15. 15. Independence of Directors The Board of Directors has determined that to be considered independent, an outside director may not have a direct or indirect material relationship with the Company. A material relationship is one which impairs or inhibits—or has the potential to impair or inhibit—a director’s exercise of critical and disinterested judgment on behalf of the Company and its stockholders. In determining whether a material relationship exists, the Board considers, for example, the sales or charitable contributions between Merck and an entity with which a director is affiliated (as an executive officer, partner or substantial stockholder) and whether a director is a former employee of the Company. The Board consults with the Company’s counsel to ensure that the Board’s determinations are consistent with all relevant securities and other laws and regulations regarding the definition of “independent director,” including but not limited to those set forth in pertinent listing standards of the New York Stock Exchange as in effect from time to time. The Committee on Corporate Governance reviews the Board’s approach to determining director independence periodically and recommends changes as appropriate for consideration and approval by the full Board. Consistent with these considerations, the Board affirmatively has determined that all directors are independent directors except Mr. Gilmartin, who is a Company employee. Relationships with Outside Firms Mr. William B. Harrison, Jr. is a director of the Company and in 2003 was the Chairman and Chief Executive Officer of J.P. Morgan Chase & Co., which provided financial advisory, commercial and investment banking services to the Company during 2003, including with respect to the Company’s spin-off of Medco Health Solutions, Inc. and the acquisition of shares of Banyu Pharmaceutical Co., Ltd. Ms. Anne M. Tatlock is a director of the Company and in 2003 was the investment manager for certain customer accounts at Fiduciary Trust Company International. Those accounts may, at times, hold shares of Merck Common Stock. However, Ms. Tatlock has divested all voting and/or investment power over any shares of Merck Common Stock held in those accounts and she disclaims beneficial ownership of any such shares. Dr. Johnnetta B. Cole is the Chair of the Board of Trustees of United Way of America. The Company, its affiliates and employees contribute to various United Way organizations. Board Committees The Board of Directors has six standing committees: Audit Committee, Committee on Corporate Governance, Compensation and Benefits Committee, Executive Committee, Finance Committee, and Committee on Public Policy and Social Responsibility. Members of the individual committees are named below: Public Policy Corporate Compensation and Social Audit Governance and Benefits Executive Finance Responsibility H. G. Miller (*) L. A. Bossidy L. A. Bossidy(*) L. A. Bossidy J. B. Cole W. G. Bowen T. E. Shenk W. G. Bowen (*) W. G. Bowen W. G. Bowen H. G. Miller J. B. Cole S. O. Thier W. N. Kelley J. B. Cole R. V. Gilmartin (*) A. M. Tatlock (*) W. M. Daley W. P. Weeks A. M. Tatlock W. M. Daley S. O. Thier W. B. Harrison, Jr. P. C. Wendell S. O. Thier W. N. Kelley T. E. Shenk S. O. Thier (*) (*) Chairperson The Audit Committee, which is comprised of independent directors, is governed by a Board-approved charter that contains, among other things, the Committee’s membership requirements and responsibilities. The Audit Committee oversees the Company’s accounting, financial reporting process, internal controls and audits, 12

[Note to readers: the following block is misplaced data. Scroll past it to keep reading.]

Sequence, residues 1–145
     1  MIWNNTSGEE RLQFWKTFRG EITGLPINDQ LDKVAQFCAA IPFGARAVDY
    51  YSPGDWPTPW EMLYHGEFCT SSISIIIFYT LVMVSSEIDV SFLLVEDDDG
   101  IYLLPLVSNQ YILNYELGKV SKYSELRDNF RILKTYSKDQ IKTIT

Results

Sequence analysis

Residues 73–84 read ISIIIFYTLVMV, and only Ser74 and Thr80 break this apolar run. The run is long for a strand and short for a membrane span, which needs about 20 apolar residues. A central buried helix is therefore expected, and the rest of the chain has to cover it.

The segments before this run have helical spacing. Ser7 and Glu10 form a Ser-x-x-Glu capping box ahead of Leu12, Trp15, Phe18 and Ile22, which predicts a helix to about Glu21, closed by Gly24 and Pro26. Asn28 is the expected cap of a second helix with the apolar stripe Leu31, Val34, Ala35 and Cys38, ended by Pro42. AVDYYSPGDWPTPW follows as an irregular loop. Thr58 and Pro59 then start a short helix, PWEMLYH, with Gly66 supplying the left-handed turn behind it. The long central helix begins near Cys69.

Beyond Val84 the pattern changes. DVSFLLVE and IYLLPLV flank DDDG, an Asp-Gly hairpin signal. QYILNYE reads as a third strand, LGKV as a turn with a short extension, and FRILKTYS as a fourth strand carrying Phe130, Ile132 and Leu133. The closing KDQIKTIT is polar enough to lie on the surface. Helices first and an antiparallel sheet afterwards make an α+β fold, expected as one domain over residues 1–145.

16. 16. and consults with management, the internal auditors and the independent auditors on, among other items, matters related to the annual audit, the published financial statements and the accounting principles applied. As part of its duties, the Audit Committee appoints, evaluates and retains the Company’s independent auditors. It maintains direct responsibility for the compensation, termination and oversight of the Company’s independent auditors and evaluates the independent auditors’ qualifications, performance and independence. The Committee also monitors compliance with the Foreign Corrupt Practices Act and the Company’s policies on ethical business practices and reports on these items to the Board. The Audit Committee has established policies and procedures for the pre- approval of all services provided by the independent auditors, which are described on page 31 of this proxy statement. Further, the Audit Committee has established procedures for the receipt, retention and treatment, on a confidential basis, of complaints received by the Company, which are described under “Stockholder Communications with the Board” on page 15 of this proxy statement. The Audit Committee’s Report is included on page 31 of this proxy statement and the Committee Charter is available on the Company’s website. Financial Expert on Audit Committee: The Board has determined that Dr. Heidi G. Miller, who currently is the Executive Vice President and Chief Financial Officer of Bank One Corporation, and who previously was the chief financial officer for three different public companies, is the Audit Committee financial expert. The Board made a qualitative assessment of Dr. Miller’s level of knowledge and experience based on a number of factors, including her formal education and experience as chief financial officer for reporting companies. On January 14, 2004, J. P. Morgan Chase & Co. and Bank One Corporation announced that they had agreed to a merger of the two companies. Mr. Harrison is Chairman and Chief Executive Officer of J. P. Morgan Chase and Dr. Miller, as noted above, is an executive officer of Bank One. As a result of this planned transaction, Dr. Miller will resign from the Audit Committee effective March 15, 2004, and from the Board effective upon the consummation of the transaction. The Board has determined that Mr. Peter C. Wendell will be the Audit Committee financial expert when Dr. Miller resigns from the Audit Committee. In 1982 Mr. Wendell founded Sierra Ventures, a private technology-oriented venture capital firm with committed capital now exceeding $1 billion. Mr. Wendell has served continuously as a General Partner of Sierra Ventures since its inception and has been responsible for originating and managing a large number of different investments, which includes a careful evaluation of Sierra Ventures’ portfolio companies’ financial statements, internal controls and procedures for financial reporting. Sierra has invested in more than 50 companies and more than 15 of those companies have grown to become publicly traded. Mr. Wendell has served as a director of more than five publicly-traded companies and more than ten private companies, actively monitoring their financial statements and performance on a monthly basis. He has also served on the boards of directors of five non-profit entities including chairman of the board of the Princeton University Investment Company, the organization responsible for Princeton’s nine billion dollar endowment. In addition, Mr. Wendell served as chief financial officer of Sierra Ventures for its first eight years and subsequently actively supervised Sierra Ventures’ chief financial officer for an additional four years. Since 1991, Mr. Wendell has held a faculty appointment at Stanford University’s Graduate School of Business, where he teaches as part of the finance group of the faculty. The Board’s determination that Mr. Wendell will be the Audit Committee financial expert is based on the Board’s qualitative assessment of Mr. Wendell’s level of knowledge and experience as described above. The Committee on Corporate Governance, which is comprised of independent directors, considers and makes recommendations on matters related to the practices, policies and procedures of the Board and takes a leadership role in shaping the corporate governance of the Company. As part of its duties, the Committee assesses the size, structure and composition of the Board and Board committees, coordinates evaluation of Board performance and reviews Board compensation. The Committee also acts as a screening and nominating committee for candidates considered for election to the Board. In this capacity it concerns itself with the composition of the Board with respect to depth of 13